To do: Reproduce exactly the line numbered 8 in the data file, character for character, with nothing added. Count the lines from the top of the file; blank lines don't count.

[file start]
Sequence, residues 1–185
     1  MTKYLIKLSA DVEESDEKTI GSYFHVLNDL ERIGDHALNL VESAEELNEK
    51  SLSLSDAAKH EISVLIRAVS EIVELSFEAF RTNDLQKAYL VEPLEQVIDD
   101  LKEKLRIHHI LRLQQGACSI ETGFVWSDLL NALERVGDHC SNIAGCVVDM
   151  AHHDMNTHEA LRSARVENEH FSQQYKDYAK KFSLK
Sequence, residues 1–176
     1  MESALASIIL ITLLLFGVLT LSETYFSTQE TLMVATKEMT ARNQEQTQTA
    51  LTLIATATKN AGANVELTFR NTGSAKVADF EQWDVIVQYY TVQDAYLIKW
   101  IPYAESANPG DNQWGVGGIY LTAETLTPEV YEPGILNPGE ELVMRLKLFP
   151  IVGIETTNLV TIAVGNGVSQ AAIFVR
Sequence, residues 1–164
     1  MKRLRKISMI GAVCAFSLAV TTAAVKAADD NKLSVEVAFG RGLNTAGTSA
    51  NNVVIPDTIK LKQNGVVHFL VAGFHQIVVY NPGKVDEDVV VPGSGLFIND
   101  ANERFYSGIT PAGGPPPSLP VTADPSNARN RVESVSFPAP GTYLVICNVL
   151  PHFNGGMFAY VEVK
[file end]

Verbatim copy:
    51  LTLIATATKN AGANVELTFR NTGSAKVADF EQWDVIVQYY TVQDAYLIKW